Brief Report: Perspectives of Foster Care Alumni on COVID-19 Vaccination: Key Findings and a Call to Action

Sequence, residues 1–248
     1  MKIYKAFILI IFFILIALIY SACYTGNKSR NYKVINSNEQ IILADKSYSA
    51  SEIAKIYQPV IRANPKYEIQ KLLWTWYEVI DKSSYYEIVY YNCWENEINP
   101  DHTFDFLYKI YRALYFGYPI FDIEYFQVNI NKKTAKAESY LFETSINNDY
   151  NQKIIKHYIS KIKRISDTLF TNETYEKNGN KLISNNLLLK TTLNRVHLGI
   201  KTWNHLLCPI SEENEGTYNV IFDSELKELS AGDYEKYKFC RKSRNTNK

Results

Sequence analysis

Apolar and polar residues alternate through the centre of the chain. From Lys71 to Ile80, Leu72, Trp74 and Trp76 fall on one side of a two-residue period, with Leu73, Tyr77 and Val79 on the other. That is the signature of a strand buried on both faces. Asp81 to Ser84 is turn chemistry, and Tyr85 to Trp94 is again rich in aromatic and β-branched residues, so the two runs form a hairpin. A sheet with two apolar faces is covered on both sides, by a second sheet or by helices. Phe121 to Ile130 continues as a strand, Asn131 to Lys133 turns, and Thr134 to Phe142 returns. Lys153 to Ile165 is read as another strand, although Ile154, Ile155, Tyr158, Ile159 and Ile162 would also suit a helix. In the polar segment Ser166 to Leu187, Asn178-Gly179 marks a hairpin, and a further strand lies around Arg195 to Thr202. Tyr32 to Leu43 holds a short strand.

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The United States recently surpassed 32 million cases and 570 thousand deaths due to COVID-19. Vaccination of the general population is critical to ending the pandemic, and several highly effective vaccines have now received emergency FDA approval. Young adults are a key group to target for vaccination, as they may be asymptomatic carriers of COVID-19 and unknowingly spread the virus to others. However, recent research suggests that young adults have concerns about COVID-19 vaccination, particularly if they belong to racial and ethnic minority groups or other marginalized populations. Young people with foster care backgrounds are predominantly Black, Indigenous, and people of color (BIPOC), and their hesitancy toward COVID-19 vaccination may be exacerbated by public systems mistrust and ineffective messaging channels. To better understand vaccination attitudes among this population, we conducted focus groups and individual interviews with 23 young people ages 18 to 26 who had recently aged out of foster care. All young people in our sample were parents of young children; thus, their attitudes towards COVID-19 vaccination have relevance for their own as well as their children’s likelihood of getting vaccinated. As part of this project, participants described their attitudes towards COVID-19 vaccination and their reasoning for either accepting or declining a vaccine. Interview audio files were transcribed verbatim and rigorously analyzed using a structured approach to thematic analysis.